By Emily Drooby
Keeping a watchful eye in Flushing, Queens — it’s how Teresa Ting fights xenophobia. It’s a fight she took on out of love.
“I fear for my mom’s safety, I fear for my father’s safety,” the Flushing native said. “I tell her not to take the subway by herself.”
Teresa’s fear is not surprising. In New York City, hate crimes against Asian people are on the rise. In 2019, the NYPD recorded three anti-Asian hate crimes. In 2020, that number spiked to 28 hate crimes committed against Asian people. That includes crimes that come from a new category specifically for attacks motivated by the coronavirus.
As of March 28, 2021, they have had 33.
Teresa says a lot of people also don’t report these crimes.
She was particularly rattled by an attack on an elderly Asian woman back in February.
“It’s just really sad that it’s come to a time and place like this.” she told Currents News, “and this is why we have to do something proactive.”
That’s why she started Main Street Patrol, a group of volunteers who patrol in Flushing, Queens.
Since it started, it’s grown to 60 volunteers. They act as the eyes and ears of the community, filling a gap Teresa noticed while watching video of attacks: bystanders not knowing how to safely interact.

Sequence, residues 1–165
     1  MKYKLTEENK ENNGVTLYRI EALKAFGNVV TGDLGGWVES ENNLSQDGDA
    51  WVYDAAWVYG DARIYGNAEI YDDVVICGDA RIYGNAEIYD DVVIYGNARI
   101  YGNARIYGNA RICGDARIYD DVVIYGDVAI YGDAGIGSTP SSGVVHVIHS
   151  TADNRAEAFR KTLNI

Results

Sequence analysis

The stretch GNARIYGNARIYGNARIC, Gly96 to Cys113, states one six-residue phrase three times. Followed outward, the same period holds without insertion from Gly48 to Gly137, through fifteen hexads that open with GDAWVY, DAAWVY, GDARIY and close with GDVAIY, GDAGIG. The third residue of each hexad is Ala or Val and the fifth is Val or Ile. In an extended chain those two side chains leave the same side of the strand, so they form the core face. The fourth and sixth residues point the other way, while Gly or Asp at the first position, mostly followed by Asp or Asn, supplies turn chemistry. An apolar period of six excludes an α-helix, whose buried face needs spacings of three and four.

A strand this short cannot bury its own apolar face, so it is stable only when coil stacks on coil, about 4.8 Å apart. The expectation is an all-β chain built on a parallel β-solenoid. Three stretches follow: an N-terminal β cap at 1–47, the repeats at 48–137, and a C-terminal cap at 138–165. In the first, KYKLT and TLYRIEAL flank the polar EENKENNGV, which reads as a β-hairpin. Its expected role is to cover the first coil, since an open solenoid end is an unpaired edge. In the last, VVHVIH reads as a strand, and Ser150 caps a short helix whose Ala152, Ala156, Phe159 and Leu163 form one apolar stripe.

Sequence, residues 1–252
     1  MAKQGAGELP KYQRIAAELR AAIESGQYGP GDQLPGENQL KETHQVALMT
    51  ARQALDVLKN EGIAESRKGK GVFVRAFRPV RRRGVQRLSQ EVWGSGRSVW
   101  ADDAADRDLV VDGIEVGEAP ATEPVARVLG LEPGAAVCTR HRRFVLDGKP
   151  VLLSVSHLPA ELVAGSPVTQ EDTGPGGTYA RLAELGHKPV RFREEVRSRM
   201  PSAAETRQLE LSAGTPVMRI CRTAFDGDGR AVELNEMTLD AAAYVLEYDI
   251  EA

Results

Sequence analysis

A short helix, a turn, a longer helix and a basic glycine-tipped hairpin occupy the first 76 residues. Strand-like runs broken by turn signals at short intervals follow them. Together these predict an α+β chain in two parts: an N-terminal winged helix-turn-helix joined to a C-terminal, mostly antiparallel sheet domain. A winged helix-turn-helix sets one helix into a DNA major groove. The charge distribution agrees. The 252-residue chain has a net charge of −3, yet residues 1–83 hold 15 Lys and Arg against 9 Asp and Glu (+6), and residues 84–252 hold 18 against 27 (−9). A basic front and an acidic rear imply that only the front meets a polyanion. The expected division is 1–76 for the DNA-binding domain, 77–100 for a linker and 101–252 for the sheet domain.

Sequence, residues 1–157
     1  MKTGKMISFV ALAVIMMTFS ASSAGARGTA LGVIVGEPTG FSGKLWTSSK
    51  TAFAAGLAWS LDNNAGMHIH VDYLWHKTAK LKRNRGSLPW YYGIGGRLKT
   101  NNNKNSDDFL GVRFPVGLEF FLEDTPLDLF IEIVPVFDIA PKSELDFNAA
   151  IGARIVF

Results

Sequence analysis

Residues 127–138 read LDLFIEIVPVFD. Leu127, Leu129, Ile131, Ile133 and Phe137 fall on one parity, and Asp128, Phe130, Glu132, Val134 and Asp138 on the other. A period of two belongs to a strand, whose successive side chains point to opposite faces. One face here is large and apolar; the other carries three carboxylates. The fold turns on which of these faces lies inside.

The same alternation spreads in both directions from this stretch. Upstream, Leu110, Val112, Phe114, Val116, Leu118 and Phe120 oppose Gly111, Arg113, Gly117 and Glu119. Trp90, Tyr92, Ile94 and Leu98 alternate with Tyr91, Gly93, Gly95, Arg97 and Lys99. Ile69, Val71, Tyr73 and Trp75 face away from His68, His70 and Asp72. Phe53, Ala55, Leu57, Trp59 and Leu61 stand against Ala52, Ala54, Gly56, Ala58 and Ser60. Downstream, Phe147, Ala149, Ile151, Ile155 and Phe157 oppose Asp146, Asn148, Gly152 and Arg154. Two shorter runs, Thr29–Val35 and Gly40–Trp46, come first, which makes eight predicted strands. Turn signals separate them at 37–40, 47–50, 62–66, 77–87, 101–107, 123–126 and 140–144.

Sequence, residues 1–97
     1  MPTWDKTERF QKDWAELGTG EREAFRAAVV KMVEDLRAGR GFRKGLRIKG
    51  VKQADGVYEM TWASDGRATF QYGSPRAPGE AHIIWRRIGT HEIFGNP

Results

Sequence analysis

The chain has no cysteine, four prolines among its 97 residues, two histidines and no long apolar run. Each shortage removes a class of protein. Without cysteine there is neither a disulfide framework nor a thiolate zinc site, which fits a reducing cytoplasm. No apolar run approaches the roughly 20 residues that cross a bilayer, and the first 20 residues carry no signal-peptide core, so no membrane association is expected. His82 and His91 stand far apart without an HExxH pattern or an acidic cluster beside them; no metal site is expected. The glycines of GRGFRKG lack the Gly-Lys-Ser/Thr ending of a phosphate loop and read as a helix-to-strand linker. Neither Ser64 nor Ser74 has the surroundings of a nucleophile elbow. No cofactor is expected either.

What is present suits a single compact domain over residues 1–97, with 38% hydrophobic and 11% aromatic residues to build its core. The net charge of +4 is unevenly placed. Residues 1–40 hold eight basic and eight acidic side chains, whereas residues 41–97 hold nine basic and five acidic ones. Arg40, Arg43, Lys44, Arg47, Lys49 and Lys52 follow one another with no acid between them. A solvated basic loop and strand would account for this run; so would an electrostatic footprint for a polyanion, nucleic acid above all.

“We just focus on using these verbal de-escalation methods rather than physical intervention. I feel like a lot of people are not aware of these methods, you know? They’re like, ‘What do I do? I’m here, I don’t want to get hurt,’” she explained.
Group members have had to intervene a few times already.
They use ihollarback.org to train their volunteers. It’s a free resource available online to help bystanders learn how to safely intervene if they ever see a hate crime taking place. Main Street Patrol uses the group’s “Five D’s Method”: distract, delegate, document, delay and direct.
“Distract” is trying to draw attention away from the target. “Delegate” means getting help from an authority figure. “Document” means to get proof, ideally filming it. “Delay” means checking back in with a person who was harassed after the incident concludes. The last is “direct,” which is speaking up, if and when it seems safe.
Teresa is hoping in the future the group will continue to grow so they can expand from just weekends. She’s also hoping to teach the public these de-escalation methods.
They’re people helping people, creating a safe community for everyone.